As a horse communicator, I’m used to my clients asking a wide range of questions. This one had been asked a few times, so I decided to see if I could find out.
Lots of people have very definite ideas over whether horses SHOULD wear shoes or not – but what do horses think?
Since it would take me a while to ask every horse in their individual sessions what they think about shoes, I decided to use my trusty pendulum. I sent out word on my Facebook page, asking for volunteers. Luckily there’s never a shortage, since we all want to know what our horses think and how they are feeling!
( You can read more of my pendulum surveys here. )
Over the space of a few days I tested 112 horses. Owners shared their horse’s photo and name, and I tuned in with each to ask my yes / no question – “Do you like wearing shoes?”
29% of the horses surveyed said that they like wearing shoes.
That means that 71% don’t…
Perhaps not too much of a surprise? When you consider problems with trimming, farriers, losing shoes, the type of work the horse does, abcesses and more, experience may have a lot to do with it.
Now obviously it was a very general question, and is asking the individual for their opinion. Perhaps not totally scientific – but it was a decent sample size, and still interesting (to me anyway!) to see what the consensus would be.
It does lead us down a bit of a rabbit hole though.
- Is it only metal shoes that the horses object to?
- Do they also dislike wearing boots, or glue on shoes?
- Has the horse had a bad experience with shoeing?
- Are there specific reasons why each horse prefers not to wear shoes?
It’s also possible that – if asked in a more general manner, ie not just a yes / no question – they might say, “no I don’t like wearing shoes, but I realise I have to”, or “I’ll wear them for mum”, or “I’d rather wear them than not be able to jump” etc. Or, they might say “I do / don’t like wearing shoes, because…” However, as a free, quick experiment, I can’t go into that level of detail with 112 horses!
I did take it further with one horse. One of my regular clients was curious to know what a horse she works with would say. His answer was ‘no’, so I then asked my pendulum to show me to what extent shoes were beneficial for this horse to wear? 60%. So, whilst he said he didn’t like wearing shoes, it was actually in his best interest.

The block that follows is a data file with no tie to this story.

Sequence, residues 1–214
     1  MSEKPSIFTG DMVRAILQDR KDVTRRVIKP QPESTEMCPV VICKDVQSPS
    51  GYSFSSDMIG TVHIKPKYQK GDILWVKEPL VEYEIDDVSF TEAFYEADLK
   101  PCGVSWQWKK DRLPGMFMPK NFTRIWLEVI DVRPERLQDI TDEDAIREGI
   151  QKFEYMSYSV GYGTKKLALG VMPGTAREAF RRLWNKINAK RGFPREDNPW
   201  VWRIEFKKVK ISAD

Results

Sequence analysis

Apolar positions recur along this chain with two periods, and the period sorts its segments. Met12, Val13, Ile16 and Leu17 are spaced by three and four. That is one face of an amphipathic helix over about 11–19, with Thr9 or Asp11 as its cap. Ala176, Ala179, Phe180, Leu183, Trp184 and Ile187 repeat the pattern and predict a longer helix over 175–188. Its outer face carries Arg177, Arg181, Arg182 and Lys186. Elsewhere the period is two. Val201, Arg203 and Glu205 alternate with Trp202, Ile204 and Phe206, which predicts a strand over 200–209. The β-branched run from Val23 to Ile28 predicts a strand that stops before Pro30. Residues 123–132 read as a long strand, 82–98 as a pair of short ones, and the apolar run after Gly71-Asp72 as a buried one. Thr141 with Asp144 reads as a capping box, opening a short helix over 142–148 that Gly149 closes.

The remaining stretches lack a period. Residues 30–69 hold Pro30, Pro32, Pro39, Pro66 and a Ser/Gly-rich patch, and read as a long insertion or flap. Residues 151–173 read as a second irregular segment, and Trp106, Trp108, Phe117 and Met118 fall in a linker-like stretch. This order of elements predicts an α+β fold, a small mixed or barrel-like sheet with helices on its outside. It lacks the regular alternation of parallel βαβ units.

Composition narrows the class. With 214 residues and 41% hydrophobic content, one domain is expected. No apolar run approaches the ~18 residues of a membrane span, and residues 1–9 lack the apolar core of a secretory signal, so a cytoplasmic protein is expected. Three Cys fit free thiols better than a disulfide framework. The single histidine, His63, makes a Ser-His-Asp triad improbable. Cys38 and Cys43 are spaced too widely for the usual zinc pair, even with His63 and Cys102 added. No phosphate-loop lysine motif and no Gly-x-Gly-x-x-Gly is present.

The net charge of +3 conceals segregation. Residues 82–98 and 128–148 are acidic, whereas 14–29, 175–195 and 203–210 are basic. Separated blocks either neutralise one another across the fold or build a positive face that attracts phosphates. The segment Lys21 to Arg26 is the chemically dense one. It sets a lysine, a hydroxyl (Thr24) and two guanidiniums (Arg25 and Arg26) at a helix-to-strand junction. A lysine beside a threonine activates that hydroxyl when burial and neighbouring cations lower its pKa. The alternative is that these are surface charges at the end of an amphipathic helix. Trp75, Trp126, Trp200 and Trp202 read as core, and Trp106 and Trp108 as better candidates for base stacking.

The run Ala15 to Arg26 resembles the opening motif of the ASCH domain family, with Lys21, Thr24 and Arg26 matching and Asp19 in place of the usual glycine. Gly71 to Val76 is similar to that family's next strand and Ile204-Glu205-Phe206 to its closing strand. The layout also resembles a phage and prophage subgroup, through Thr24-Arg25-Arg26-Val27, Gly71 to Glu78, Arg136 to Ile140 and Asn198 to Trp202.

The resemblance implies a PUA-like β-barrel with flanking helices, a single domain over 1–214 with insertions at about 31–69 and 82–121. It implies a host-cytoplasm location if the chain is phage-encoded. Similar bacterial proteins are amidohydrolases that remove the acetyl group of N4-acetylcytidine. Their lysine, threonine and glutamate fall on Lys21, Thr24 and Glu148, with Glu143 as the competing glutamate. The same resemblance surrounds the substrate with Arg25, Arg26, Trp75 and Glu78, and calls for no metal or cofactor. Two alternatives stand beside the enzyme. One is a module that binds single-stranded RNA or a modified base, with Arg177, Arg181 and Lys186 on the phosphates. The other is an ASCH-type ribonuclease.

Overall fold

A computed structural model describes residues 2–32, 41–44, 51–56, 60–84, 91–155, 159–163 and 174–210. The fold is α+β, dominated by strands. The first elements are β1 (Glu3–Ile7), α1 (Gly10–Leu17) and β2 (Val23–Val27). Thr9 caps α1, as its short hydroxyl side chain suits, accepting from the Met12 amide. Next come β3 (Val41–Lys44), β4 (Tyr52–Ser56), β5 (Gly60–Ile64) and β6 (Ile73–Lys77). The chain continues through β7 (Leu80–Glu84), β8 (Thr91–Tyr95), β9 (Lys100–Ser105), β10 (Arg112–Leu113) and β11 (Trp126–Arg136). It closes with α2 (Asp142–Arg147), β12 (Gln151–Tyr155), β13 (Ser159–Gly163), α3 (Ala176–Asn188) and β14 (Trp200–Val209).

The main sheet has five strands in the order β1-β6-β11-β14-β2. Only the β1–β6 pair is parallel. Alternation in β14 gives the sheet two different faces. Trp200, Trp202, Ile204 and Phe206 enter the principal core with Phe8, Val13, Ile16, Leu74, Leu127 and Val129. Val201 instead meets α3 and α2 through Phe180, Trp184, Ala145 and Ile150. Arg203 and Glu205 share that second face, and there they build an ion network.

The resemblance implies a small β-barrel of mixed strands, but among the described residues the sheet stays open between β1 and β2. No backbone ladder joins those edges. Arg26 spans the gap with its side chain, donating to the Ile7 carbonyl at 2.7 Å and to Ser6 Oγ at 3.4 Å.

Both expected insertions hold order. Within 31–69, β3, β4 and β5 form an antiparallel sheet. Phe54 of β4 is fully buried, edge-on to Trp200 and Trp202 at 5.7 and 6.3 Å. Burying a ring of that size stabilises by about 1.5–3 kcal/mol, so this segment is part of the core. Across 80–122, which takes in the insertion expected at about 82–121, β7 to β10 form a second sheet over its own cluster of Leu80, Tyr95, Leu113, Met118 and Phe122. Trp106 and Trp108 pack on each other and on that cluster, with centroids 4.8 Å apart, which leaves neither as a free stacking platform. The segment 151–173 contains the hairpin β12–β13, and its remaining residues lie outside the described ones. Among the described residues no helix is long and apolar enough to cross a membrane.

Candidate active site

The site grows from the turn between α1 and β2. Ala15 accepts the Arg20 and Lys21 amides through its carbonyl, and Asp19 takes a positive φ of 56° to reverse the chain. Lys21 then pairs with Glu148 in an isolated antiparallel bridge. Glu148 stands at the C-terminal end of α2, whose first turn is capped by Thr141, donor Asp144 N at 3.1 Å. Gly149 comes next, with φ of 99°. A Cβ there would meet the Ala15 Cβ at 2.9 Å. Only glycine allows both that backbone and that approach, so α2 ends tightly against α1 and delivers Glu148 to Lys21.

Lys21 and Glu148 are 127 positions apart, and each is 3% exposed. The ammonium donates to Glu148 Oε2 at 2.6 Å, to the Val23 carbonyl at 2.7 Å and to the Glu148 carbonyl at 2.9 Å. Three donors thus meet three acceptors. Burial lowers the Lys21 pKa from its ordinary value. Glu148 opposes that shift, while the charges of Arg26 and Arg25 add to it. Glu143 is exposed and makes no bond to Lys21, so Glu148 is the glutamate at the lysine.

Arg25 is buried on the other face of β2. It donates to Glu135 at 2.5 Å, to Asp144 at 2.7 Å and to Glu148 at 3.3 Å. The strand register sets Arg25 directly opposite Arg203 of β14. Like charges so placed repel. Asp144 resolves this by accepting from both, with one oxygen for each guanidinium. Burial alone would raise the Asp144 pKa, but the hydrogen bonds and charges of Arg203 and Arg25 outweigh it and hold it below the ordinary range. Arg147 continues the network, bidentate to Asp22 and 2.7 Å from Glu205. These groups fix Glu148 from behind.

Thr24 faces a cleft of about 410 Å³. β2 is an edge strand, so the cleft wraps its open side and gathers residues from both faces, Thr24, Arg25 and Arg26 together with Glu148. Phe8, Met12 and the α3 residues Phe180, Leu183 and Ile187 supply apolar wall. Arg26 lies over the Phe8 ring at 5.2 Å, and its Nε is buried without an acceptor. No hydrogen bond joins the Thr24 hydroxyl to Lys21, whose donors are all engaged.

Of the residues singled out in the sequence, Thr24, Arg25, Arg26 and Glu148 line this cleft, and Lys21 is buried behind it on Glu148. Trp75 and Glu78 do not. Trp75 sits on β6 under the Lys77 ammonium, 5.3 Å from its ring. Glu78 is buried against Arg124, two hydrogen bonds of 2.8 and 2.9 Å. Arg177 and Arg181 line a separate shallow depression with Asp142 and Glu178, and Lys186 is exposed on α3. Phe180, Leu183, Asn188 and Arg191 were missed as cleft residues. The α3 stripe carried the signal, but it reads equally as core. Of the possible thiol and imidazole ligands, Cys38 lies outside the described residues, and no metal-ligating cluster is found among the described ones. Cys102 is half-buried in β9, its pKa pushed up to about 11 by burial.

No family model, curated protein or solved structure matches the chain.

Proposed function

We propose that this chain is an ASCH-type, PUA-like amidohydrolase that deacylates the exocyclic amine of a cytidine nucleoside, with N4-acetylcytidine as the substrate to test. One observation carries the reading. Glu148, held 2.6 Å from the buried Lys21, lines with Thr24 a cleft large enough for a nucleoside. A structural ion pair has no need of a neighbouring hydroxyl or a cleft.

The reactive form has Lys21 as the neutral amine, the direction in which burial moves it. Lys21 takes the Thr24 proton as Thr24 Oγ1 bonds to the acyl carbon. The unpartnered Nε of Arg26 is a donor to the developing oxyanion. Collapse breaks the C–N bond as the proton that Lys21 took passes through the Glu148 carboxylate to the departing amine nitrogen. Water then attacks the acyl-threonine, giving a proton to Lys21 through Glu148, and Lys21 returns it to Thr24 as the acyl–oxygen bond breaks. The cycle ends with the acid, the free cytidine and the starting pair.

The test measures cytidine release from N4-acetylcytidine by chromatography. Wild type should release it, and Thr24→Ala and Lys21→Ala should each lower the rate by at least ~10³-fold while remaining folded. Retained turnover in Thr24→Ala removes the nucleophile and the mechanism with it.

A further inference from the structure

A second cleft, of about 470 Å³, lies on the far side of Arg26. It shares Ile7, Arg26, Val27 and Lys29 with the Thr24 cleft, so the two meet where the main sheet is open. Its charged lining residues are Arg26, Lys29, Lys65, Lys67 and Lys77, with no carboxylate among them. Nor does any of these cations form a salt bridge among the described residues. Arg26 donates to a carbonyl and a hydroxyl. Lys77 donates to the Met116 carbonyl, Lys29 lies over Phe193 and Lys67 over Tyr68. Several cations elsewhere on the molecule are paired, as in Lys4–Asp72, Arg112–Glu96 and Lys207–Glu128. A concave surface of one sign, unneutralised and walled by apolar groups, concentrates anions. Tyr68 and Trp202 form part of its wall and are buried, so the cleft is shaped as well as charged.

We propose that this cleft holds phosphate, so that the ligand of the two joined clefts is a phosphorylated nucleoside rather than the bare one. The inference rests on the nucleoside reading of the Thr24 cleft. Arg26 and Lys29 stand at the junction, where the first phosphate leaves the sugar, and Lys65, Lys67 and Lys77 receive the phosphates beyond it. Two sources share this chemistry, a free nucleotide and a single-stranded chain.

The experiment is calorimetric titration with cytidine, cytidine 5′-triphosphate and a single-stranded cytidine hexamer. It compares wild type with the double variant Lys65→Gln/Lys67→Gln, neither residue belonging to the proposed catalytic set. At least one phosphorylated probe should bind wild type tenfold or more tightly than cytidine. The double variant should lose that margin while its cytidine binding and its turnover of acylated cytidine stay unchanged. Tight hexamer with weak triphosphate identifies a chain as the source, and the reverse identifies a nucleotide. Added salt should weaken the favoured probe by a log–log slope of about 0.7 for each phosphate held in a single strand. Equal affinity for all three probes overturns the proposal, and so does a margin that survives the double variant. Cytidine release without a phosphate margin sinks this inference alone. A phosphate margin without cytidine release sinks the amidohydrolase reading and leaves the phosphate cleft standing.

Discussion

That got me thinking, so at the end of the experiment I tested the ‘collective’, ie all 112 horses together, asking for how many of them is it beneficial to wear shoes?
So you can see it’s not a clean cut question, and there are many variables that affect the answers or results for each horse!
For instance, it doesn’t necessarily follow that the majority who said they didn’t like wearing shoes should be wearing them… we’d have to test each individual with that question to be clear on that. It’s equally possible that a majority of the ones who say they do like wearing shoes should be wearing shoes, and only half of those who don’t like shoes should be wearing them. Complicated, right?!
Are you surprised by the results? Let me know your thoughts in the comments below!
Here’s the Facebook Live where I revealed the results:
You can read more of my pendulum surveys here.
If your horse gave a ‘no’ answer in the survey and you’d like to go down the rabbit hole to find out more detail, you can book a ‘Questions Only’ animal communication session here, to ask 5 supplementary questions, like:
- how beneficial (or detrimental) is it for my horse to wear shoes
- is there a specific reason he doesn’t like wearing shoes
- is there something I can do, to either help him with being shod, or help him transition to barefoot
- does he like wearing hoof boots, etc.
Til next time, keep connecting with your horses!
Are you worried about your horse, but can’t quite put your finger on what’s going on? Download my free 6 page pdf, What’s Wrong With My Horse, for my insights and advice.
Interested in learning how to use a pendulum with your horse? Check out my Video Workshop.
Trisha Wren has been an equine professional for most of her adult life. She rode, competed, and taught Western Riding for 15 years in Scotland, then taught horse and rider bio-mechanics in New Zealand and Australia for 10 years. She’s been a full time horse and animal communicator since April 2016, and also runs regular Animal Communication online workshops. Find out more about Trisha here.